The Tenorio Volcano National Park was created on April 27th, 1995, through Executive Order No. 24240-MIRENEM, in order to protect and conserve forests, biodiversity and cultural features that surround the slopes of Tenorio Volcano, located in the Guanacaste Volcanic Mountain Range between the cantons of Guatuso and Upala in Alajuela, and Cañas, Bagaces and Tilaran in Guanacaste.
Tenorio Volcano National Park was originally declared as the Guanacaste Volcanic Mountain Range Forest Reserve on February 25th, 1976 by Executive Decree 5836-A. On April 24th, 1978, by Executive Order 8473-A, the previous decree is reformed and the Reserve is sectioned into three zones that comprise the land located around the Orosi, Miravalles and Tenorio volcanoes. Later, in 1992 it’s management category changes into Tenorio Protected Zone. Finally, on April 27th, 1995, it is set as Tenorio Volcano National Park, a category that currently has. This park is bound to the Tenorio Protected Zone which has an extension of 5530.98 hectares, forming a forest block of 18,402.51 hectares.
Tenorio Volcano National Park is known for its beautiful forest with a unique fauna, as well as the volcanic relief resulting from the different geology, hot springs and geysers, with a virgin forest that extends to the Tenorio volcano’s summit and Crater Lake. It consists of four volcanic peaks and two twin craters (Montezuma volcano). Both volcanoes are assumed to be dormant, as there is no record of eruptions in recent history. The park is covered by savanna in the lowlands, rain forest in the middle and cloud forest at high levels. From the west slopes flows the Frio and Tenorio Rivers; and from the south slopes the Tenorite and Martyrdom Rivers. From the top you can see the plains of Guatuso and San Carlos, Nicaragua Lake, Caño Negro Reserve and Arenal Lake.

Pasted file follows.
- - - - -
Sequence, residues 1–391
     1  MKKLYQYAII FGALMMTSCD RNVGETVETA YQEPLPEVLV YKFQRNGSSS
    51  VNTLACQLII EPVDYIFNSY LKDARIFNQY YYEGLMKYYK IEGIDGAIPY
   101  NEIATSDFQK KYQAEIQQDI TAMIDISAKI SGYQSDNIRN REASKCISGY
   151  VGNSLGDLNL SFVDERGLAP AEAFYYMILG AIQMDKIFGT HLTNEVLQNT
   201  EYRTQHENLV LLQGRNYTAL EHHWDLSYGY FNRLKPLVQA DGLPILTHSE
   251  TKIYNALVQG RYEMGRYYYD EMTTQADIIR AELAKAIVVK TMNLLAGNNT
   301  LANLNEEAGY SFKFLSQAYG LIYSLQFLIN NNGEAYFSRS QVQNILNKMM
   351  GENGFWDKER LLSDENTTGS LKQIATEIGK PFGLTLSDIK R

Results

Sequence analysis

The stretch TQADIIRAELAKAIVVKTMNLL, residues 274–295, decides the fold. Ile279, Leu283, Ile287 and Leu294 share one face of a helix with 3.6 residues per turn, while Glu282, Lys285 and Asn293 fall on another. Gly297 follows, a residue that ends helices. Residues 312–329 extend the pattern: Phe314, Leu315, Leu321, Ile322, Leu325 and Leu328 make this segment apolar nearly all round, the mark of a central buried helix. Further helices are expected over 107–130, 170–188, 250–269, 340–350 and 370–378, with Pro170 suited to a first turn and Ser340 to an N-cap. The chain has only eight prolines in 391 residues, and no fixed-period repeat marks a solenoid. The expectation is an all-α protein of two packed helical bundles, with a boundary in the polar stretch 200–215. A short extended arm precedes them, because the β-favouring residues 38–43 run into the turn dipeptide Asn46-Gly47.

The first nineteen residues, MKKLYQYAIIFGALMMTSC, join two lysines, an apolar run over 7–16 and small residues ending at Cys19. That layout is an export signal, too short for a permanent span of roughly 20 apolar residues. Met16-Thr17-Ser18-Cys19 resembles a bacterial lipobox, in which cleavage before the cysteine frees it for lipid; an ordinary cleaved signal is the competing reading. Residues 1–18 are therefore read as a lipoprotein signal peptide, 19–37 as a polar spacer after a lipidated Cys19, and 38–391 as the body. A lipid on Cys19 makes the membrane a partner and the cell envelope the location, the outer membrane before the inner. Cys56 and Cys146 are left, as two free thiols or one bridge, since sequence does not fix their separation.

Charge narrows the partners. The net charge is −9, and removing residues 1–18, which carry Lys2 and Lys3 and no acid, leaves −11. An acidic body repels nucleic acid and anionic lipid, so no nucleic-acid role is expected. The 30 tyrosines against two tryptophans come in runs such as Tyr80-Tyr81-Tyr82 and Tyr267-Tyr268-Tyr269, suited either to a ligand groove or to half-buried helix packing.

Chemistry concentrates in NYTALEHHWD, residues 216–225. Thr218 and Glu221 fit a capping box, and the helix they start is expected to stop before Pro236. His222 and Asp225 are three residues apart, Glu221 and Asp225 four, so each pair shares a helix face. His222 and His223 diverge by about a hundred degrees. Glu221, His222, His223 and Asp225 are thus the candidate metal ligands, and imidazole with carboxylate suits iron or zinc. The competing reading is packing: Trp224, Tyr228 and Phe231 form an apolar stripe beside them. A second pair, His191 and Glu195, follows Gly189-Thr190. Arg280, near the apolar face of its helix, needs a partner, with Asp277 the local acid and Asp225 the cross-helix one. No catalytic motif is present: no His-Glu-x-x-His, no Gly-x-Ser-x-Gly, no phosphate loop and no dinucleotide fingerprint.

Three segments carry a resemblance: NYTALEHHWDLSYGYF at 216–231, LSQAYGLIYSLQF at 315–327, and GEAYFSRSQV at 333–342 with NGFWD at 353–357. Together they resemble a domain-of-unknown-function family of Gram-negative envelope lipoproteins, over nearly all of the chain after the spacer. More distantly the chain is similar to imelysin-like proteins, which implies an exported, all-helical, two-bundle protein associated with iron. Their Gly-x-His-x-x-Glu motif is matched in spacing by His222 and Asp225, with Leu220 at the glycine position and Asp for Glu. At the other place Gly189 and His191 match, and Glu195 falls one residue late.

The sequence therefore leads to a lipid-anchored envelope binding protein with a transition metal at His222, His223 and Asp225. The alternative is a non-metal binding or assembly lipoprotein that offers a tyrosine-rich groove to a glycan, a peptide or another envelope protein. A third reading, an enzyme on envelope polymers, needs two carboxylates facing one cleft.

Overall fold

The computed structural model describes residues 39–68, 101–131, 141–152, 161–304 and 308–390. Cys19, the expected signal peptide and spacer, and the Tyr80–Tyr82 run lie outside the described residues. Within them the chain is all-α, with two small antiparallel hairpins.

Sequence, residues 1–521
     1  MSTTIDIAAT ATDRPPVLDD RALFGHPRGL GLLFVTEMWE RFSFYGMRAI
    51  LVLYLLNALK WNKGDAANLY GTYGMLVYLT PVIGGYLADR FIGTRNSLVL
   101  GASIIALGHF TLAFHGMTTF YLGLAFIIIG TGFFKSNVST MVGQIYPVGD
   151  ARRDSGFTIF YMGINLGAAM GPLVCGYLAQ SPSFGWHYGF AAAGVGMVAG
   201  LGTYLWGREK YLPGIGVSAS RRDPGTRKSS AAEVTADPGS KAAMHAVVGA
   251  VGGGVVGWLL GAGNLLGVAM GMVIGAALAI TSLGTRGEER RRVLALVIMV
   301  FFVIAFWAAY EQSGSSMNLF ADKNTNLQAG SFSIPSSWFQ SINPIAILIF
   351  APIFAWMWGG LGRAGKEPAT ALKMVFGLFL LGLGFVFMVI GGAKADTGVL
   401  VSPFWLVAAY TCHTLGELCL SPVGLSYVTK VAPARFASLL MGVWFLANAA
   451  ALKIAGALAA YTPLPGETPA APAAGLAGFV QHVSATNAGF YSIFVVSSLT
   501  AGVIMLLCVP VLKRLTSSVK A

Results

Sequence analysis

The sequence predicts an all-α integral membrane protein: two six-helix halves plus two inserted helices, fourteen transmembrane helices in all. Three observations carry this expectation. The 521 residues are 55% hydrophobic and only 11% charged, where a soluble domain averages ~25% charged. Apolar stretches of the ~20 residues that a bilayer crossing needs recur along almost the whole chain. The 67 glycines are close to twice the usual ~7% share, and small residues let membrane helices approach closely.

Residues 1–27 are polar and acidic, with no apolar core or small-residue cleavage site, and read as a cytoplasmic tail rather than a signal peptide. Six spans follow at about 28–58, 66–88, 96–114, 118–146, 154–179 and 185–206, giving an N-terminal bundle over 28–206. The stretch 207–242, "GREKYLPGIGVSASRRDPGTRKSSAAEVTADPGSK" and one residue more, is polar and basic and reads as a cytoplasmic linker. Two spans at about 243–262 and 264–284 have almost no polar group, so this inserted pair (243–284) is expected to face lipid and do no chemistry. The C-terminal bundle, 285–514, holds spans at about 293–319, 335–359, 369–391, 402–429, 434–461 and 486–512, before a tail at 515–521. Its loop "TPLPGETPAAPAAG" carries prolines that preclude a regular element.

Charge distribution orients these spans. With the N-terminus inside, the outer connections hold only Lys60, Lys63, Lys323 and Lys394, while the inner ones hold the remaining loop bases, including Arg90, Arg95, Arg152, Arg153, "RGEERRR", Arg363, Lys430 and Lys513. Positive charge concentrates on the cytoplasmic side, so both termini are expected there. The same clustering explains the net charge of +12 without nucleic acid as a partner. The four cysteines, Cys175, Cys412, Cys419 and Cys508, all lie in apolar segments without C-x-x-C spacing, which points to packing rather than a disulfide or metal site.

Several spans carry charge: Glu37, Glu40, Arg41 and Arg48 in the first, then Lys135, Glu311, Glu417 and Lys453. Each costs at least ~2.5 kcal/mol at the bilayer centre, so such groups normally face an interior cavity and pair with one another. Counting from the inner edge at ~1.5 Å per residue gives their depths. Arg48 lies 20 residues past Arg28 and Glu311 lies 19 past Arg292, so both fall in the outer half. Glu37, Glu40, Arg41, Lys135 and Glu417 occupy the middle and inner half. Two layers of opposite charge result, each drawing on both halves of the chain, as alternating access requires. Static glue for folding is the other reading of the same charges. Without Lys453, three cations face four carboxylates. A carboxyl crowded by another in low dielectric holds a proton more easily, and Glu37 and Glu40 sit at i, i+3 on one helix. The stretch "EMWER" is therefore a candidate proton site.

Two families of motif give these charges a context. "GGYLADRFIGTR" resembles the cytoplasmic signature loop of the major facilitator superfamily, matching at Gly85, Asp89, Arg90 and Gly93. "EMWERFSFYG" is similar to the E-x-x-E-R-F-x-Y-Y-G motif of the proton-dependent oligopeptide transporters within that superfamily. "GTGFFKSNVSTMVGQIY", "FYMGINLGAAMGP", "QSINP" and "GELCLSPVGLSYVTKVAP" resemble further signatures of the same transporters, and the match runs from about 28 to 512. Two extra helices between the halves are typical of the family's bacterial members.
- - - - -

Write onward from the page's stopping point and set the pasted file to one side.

Tenorio National Park is best known for the beautiful Celeste River, whose light blue waters are caused by the emanation of sulfur and the precipitation of calcium carbonates. In fact, among the biggest attractions, there are the Celeste River waterfall and dyers, panoramic views, steam and hot springs and streams within the forest. It also has a nature trail called “Mysteries of the Tenorio”, with a distance of 3,200 m and with an approximate duration of three hours.
Tenorio Volcano National Park has a wide variety of climates, with an average temperature between 15°C (59°F) and 24°C (75°F) and an average annual rainfall of 3,500 mm (140 inches), since the area is influenced by the Atlantic and Pacific slope, which is reflected in the variety of environments, ecosystems and species, distributed in 8 different life zones ranging from montane – humid forest transition to basal forest to dwarf cloud forest. However, most of the park’s climate is influenced by the Caribbean, with rainfall almost throughout the year by the orographic effect, being the months of March and April the driest; however, in certain sectors of the Atlantic slope conditions are presented with a dry season from January to May.
At a middle elevation, montane rain forest and cloud forest dominate, providing perfect habitat for wildlife in the region. This volcanic landscape is also home to the bright tropical dry forest surrounding the monuments of lava.
Tenorio Volcano National Park is known for its beautiful forest with very varied flora. At a medium elevation, stand out heliconias, palms, Costaceae, Marantaceae or Arrowroot family and the Zingiberaceae, or the Ginger family. Among the epiphytes plants are common bromeliads, orchids, Araceae or Arum family and Gesneriaceae. Among the most common trees are the Aguacatillo (Persea vesticula), Cucaracho (Billia hippocastanum), Pilon (Hyeronima alchorneoides), Zapotillo (Couepia polyandra), Caobilla or Fine-leaf Wadara (Couratari guianensis), Guanandi or Cedro Maria (Calophyllum brasiliense), Oak (Quercus costaricensis) and Jicaro Danto or Pepino de Danta (Parmentiera valerii), which is endemic to this mountain range and is characterized by flowers and fruits attached to the trunk and it represents a major food diet for the Tapir.